New England Patriots wide receiver, Julian Edelman, who is Jewish, has invited the Philadelphia Eagles wide receiver, DeSean Jackson, to the United States Holocaust Memorial Museum in Washington, DC, after Jackson’s anti-Semitic comments on social media.
“I have seen DeSean play his career, perform outstanding jugas, we have communicated on social media. I have only respect for his game. I know he said some ugly things, but I do see an opportunity to have this conversation,” Edelman said in a video. posted to Instagram on Thursday morning.
“I am proud of my Jewish heritage, and for me, it is not just about religion. It is about community and culture, too,” he added. “I am unusual because I did not identify as a Jew until later in my life. Whenever I came across hate, I never really felt it was directed at me. It was only until I was part of this community that I learned how destructive hate is. Anti-Semitism is one of the oldest forms of hatred. It is rooted in ignorance and fear. ” .
Edelman, 34, told Jackson, 33, that if they visit the Holocaust Museum, he would then accept a trip to the National Museum of African American History and Culture in DC to learn more about Jackson.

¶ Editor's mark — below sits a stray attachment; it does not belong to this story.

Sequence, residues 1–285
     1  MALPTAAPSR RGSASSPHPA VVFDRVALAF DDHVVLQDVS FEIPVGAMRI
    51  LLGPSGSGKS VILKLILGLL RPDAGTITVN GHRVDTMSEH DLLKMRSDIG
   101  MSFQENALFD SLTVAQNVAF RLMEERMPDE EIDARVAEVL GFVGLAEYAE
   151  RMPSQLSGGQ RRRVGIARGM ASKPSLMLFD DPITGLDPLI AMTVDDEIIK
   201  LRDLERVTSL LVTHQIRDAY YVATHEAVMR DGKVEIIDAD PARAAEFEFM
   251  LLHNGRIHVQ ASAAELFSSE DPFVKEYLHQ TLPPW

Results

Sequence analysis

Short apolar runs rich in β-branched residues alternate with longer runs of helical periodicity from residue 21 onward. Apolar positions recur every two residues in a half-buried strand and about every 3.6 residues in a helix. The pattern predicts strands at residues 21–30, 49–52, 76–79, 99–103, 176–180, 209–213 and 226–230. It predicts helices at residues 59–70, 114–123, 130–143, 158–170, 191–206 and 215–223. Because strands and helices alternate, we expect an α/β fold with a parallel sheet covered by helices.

“I don’t want to distract from how important the ‘Black Lives Matter’ movement is. And how we need to keep supporting it. I think the black and Jewish communities have many similarities,” Edelman said in the video.
“An unfortunate similarity is that both have been attacked by the ignorant and the haters. It is really difficult to see the challenges that a community can face when you are not part of it. So what we need to do is listen. We need to learn. We need Act. We need to engage in these awkward conversations if we are to have real change. “
In addition to Edelman, the Kansas City Chiefs’ offensive lineman, Mitchell Schwartz, who is also Jewish, posted a message on his Instagram account.
Schwartz, 31, wrote: “My hope is that we can use this moment to shed light and raise awareness of the hatred and oppression that continues to endure the Jewish community. While remaining in solidarity with the ‘Black Lives Matter’ movement. We can only have a change if we denounce racism and prejudice in all its forms. Our platforms as athletes are a powerful tool, and with that comes great responsibility. We can all do better. “
In Edelman’s video, he said he received an anti-Semitic insult during a 2011 game.